Rock wrens are widely but patchily distributed through alpine and sub-alpine areas of the South Island. They are most common within the Southern Alps from Fiordland, through South Westland, and Mt Aspiring and Mt Cook National Parks. Localised populations exist further north in Arthur's Pass, Nelson Lakes and Kahurangi National Parks. Rock wrens are less abundant and even more localised in the Eyre Mountains, and parts of inland Canterbury and the Victoria Range. Many of these locations are seemingly disjunct from other rock wren populations. They are found from 900 m to 2500 m in altitude where the habitat may vary from dense sub-alpine scrub, through talus where stable rock falls are interspersed with low shrubbery to bare rock in very exposed situations. Rock wrens are no longer present in the Kaikoura Mountains and have never been confirmed from Stewart Island, the Takitimu Mountains and the Paparoa Range.

Rock wren were transferred successfully to Secretary Island in Fiordland in 2008-10.

Population

Not known.

Threats and conservation

Stoats and mice are known to prey on the contents of rock wren nests. There is little information on how frequently this occurs and whether the intensity of predation varies between years dependent on changes in tussock seeding, which affects mouse (and therefore stoat) population densities. During the 2012-13 summer a study in the upper Hollyford showed that most nests were preyed on by stoats. Changes in distribution and the frequency of sightings suggest that rock wren are declining. At present all rock wren habitat is above the altitudinal limit for ship rats but this may change with global warming, and cause an increase in predation. The conservation of this species was changed from nationally vulnerable to nationally endangered in 2013.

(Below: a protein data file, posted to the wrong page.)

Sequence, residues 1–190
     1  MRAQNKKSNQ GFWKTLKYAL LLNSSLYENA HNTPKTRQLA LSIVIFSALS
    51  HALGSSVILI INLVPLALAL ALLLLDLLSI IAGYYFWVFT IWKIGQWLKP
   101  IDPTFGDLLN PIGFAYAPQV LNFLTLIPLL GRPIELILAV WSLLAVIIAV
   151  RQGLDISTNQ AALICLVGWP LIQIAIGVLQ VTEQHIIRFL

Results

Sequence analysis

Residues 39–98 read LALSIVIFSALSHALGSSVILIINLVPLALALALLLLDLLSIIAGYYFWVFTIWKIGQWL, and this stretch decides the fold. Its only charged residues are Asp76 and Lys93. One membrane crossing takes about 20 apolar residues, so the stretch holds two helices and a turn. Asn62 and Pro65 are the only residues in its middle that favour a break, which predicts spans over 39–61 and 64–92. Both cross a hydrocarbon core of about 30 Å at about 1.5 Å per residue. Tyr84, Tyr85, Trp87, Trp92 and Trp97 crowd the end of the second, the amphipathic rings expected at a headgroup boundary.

Breeding

Rock wrens breed in spring and summer. A thickly lined and fully enclosed nest is constructed at ground level within a natural cavity. The average clutch size is 3, with only one brood reared in a season. Both adults incubate the eggs and care for the young.

Behaviour and ecology

Rock wren typically spend most time hopping and flitting through the alpine boulder fields they inhabit, calling intermittently to others. Foraging birds will occasionally disappear amongst large rocks or into the surrounding dense alpine shrubbery. When stationary the bird bobs up and down, often with flicking wings. Flights are short and close to the ground. This behaviour suggests a sedentary species with poor dispersal ability and yet there have been occasional records in previously uninhabited alpine areas and in valley floors. Birds are known to over-winter in the alpine zone. One banded bird survived for 5 years.